There are 2 factual errors (which are really large) in this article. First, rare earth elements are NOT rare at all. But they are incredibly expensive to mine. Second, Rare element resources (REE) does NOT mine rare elements. They have no mining operation whatsoever, and are in the infancy of exploration stages.

  • Report this Comment On November 17, 2010, at 10:19 AM, TMFMileHigh wrote:

    'Morning all,

    Thanks for the comments and corrections. I'll ask the editors to make some changes to reflect what you've pointed out here.

    Foolish best,

    Tim (TMFMileHigh and @milehighfool onTwitter)

  • Report this Comment On November 17, 2010, at 10:47 AM, mcintorb wrote:

    There are several thoughts in the article and comments that are confusing.

    1. 19000 tons a year is around 17 million kg. $281.2 Million in revenue pencils out to around $16.25 per kg. That must be either a partially processed valuation, or it significantly understates the value of even the cheapest "standard purity" (99%) Rare Earth oxide (REO) -- Samarium. Is Molycorp's Mountain Pass output refined and ready for customer shipments or is more processing required? If so, where is that going to happen? What is the mix of REO's in the deposit?

    2. Lynas (LYSCF) has the richest known deposit of REE's at their mine and concentrating plant in Western Australia, and is building a refining plant in Malaysia. They already have 750,000 tons of ore in stockpiles at an average of over 15% REO's. They are on track to start shipping refined REO's in Q3 2011 at a rate of 11,000 tons a year, with a second phase doubling that to 22,000 tons in 2012. The first stage is fully financed; they don't need government "loan guarantees", or other giveaways, or additional construction or operating permits to deliver. The value of their mix of Rare Earth Oxides (based on FOB China prices) is currently at $62 per kg, although it isn't clear what the contract prices are in their early supply agreements.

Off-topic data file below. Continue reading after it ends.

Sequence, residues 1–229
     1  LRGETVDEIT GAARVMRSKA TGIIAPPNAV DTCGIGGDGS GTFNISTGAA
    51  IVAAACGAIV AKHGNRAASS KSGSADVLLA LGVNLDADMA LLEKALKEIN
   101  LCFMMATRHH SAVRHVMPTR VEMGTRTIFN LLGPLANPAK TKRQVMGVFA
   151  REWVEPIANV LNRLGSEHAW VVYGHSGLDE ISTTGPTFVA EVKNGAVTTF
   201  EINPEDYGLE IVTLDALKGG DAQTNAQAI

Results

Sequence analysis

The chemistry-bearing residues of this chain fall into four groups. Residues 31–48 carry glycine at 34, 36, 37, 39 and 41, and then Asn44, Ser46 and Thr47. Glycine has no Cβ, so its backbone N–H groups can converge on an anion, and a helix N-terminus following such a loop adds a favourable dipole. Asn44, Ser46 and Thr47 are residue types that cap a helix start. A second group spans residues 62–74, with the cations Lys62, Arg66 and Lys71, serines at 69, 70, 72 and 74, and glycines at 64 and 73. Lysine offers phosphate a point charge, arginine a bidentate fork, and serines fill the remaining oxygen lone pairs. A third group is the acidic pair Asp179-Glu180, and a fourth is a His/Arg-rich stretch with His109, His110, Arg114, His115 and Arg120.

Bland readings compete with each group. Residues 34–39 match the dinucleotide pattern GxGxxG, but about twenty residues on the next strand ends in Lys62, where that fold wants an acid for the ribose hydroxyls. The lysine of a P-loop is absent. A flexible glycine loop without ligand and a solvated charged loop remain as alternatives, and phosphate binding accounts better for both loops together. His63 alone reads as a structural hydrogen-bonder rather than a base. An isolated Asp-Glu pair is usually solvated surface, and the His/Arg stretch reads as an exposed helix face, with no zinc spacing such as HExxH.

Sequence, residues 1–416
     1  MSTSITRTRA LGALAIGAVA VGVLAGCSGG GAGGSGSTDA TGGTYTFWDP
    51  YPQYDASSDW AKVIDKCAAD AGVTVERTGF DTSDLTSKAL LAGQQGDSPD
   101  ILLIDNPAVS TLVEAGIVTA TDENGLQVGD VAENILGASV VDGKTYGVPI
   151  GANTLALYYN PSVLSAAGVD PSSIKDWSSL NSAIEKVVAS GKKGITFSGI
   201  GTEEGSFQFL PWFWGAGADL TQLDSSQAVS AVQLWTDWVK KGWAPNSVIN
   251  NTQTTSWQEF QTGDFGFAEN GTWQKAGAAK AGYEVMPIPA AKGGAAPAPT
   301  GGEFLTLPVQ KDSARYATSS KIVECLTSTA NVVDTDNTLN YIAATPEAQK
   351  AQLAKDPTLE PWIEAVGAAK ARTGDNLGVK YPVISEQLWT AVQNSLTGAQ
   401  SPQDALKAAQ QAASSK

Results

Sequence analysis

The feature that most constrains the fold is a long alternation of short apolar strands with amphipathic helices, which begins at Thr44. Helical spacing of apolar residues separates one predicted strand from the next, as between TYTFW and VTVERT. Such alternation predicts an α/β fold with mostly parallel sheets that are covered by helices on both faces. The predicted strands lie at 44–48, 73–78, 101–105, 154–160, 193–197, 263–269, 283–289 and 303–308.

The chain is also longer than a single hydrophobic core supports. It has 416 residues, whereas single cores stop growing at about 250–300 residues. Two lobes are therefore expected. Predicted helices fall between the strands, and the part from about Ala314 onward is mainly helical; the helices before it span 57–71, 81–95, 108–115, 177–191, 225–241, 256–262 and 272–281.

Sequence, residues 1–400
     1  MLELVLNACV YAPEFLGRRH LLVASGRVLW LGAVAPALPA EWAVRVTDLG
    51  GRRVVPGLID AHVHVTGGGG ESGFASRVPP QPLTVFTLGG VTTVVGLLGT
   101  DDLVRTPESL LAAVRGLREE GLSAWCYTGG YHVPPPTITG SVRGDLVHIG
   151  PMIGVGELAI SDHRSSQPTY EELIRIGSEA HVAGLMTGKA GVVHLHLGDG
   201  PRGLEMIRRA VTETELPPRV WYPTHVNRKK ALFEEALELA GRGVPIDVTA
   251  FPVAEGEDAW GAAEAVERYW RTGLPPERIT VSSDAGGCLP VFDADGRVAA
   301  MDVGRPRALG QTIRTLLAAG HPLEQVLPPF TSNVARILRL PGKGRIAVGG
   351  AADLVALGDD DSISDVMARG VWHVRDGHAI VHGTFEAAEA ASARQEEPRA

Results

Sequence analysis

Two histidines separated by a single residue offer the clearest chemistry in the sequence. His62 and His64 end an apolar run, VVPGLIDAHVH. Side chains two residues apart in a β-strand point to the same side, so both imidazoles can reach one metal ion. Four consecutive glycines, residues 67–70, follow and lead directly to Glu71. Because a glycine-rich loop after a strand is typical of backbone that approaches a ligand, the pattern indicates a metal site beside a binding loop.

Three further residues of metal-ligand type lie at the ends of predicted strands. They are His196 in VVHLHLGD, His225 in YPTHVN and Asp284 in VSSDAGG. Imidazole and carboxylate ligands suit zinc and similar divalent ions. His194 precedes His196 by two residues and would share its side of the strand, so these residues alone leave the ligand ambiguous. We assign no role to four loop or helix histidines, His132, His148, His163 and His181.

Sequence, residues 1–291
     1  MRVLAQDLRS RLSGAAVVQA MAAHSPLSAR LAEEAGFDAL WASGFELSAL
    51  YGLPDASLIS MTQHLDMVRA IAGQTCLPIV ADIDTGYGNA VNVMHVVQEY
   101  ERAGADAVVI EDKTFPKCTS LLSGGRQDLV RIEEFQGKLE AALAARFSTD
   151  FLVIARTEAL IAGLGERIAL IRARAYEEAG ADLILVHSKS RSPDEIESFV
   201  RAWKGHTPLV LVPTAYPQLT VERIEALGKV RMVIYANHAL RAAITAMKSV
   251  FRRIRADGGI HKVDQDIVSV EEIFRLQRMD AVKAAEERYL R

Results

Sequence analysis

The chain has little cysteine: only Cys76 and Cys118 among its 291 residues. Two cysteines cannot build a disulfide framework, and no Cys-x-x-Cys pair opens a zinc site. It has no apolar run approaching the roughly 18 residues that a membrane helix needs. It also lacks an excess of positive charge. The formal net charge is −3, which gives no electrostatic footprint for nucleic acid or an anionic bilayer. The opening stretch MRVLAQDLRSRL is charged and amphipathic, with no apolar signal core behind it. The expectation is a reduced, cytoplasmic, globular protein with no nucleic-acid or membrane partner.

3. It's not that Rare Earths are "incredibly expensive to mine". The mining is the easy bit. The processing is more demanding, but still not out of step with other metals extracted using acid-flotation (unless the orebody holds radioactive Thorium and Uranium, which introduces a whole new level of environmental management).

    My understanding is probably incomplete in some way, and I'll accept correction. Still, I think the preceding comments and article don't accurately present the case.

  • Report this Comment On November 17, 2010, at 6:07 PM, rpontius wrote:

    It's my understanding that while you say rare earths are not "rare" they indeed do not fall into the higher concentrations. Thusly, IMHO that is why they are dubbed rare. So, you could have a 2% site. Well, how much do you have to mine to get a substantial amount rare earths out? So, the higher the percentage and what is actually in that percentage for HREE and LREE is what matters. Then as the person above mentioned there are the separation costs.

    So, if you don't have a high percentage project, I would gather that the costs to mine would be substantially higher than say the Lynas example mentioned above. And then the processing costs also add expense. Which is why processing was shipped to China to begin with. Also, China does not control 97% of the global rare earth deposits. They are doing 97% of the processing because it is cheaper to do there - at least for now.

    Now, don't get me wrong here. Rare earths will be in high demand because of technology and military applications and demand from Emerging Markets and Frontier Markets. You just need to choose your investments wisely. I think we are in a mini bubble right now because it is the FOTM for investing. Plus, the companies won't be producing for at least a year and in some cases out to 2013 and 2014.

  • Report this Comment On December 30, 2010, at 7:00 AM, imachi wrote:

    see: Hitachi and Molycorp plan rare earth joint venture!